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More than 28,000 students from 183 countries have enrolled in HDS1544.1x: “Early Christianity: The Letters of Paul,” Harvard Divinity School’s first foray into edX, which launched Jan. 6—a figure more than 220 times the size of the school’s 2013 graduating class.
The course, christened “BibleX” by the media and taught by Divinity School professor Laura S. Nasrallah, examines the political and religious context of Paul’s letters and the lasting impact that the letters have had on modern religious debate.
The course consists of video lectures, annotation assignments, online discussions, and other short videos that help students gain a glimpse into the historical world Paul occupied and the controversies, both ancient and new, that surround his letters.
“One of my goals was to really engage in this new online learning,” said Nasrallah, an expert on the New Testament and early Christianity. “I think a lot of people are really curious about the Bible and ancient history,” she added.
Tyler M. Schwaller, a Ph.D. candidate at the Divinity School who helps staff the course, said that he did not initially expect the amount of attention that the course would receive from the public.
“I thought there was potential for a few thousand people,” Schwaller said.
Sergiy O. Nesterko, a HarvardX research fellow, said that the course’s success was doubly impressive given that humanities courses usually attract fewer registrants on the platform than science or technical courses. Harvard has offered a handful of humanities courses on the platform since it co-founded edX with MIT in May 2012.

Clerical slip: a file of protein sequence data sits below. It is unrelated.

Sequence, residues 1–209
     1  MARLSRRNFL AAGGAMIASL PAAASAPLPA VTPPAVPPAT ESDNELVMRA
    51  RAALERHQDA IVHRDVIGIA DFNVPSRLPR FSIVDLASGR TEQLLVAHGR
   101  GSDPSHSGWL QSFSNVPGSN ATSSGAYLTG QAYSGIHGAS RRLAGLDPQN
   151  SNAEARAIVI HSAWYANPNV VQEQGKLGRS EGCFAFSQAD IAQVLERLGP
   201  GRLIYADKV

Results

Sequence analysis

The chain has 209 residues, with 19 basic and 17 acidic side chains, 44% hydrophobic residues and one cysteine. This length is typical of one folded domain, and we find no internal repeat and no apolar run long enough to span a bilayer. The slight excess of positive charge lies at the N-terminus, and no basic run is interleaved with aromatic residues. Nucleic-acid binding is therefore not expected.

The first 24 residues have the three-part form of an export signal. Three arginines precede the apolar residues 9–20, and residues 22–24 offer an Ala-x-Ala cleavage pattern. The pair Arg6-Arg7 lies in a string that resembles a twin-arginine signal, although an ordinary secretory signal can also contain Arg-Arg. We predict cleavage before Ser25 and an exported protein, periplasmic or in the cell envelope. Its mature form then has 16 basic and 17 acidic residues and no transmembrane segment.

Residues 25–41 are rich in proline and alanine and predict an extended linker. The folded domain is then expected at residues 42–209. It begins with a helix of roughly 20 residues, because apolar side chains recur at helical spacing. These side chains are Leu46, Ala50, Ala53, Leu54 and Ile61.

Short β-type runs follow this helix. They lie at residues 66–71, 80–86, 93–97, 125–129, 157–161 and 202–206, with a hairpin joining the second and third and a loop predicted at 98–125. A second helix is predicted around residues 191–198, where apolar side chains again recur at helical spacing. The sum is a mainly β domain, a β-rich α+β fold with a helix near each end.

“The subject of the course contributed to the level of popularity of the course,” said Nesterko, adding later, “It’s a very wide reach, but I wouldn’t say it is atypical for any HarvardX courses. These courses generally attract registrants from many different countries from around the world.”
The course makes use not only of discussion platforms through HarvardX, but also uses Facebook to promote debate between all class participants. Nasrallah also encourages students to use the website Poetry Genius to annotate texts of Paul’s letters.
Unlike some other HarvardX courses, there is no residential equivalent of “The Letters of Paul” this semester.
Both Schwaller and Nasrallah said that the course has attracted students from religious and non-religious backgrounds.
“We know the ways in which the religious subjects we study can really spark a passionate debate,” Nasrallah said.
While Schwaller and Nasrallah are not sure whether they will offer more courses through HarvardX in the future, both agree that creating an online course has improved their teaching skills.
“[The course] helps me think more broadly about different ways to teach,” said Schwaller.
—Staff writer Theodore R. Delwiche can be reached at firstname.lastname@example.org.
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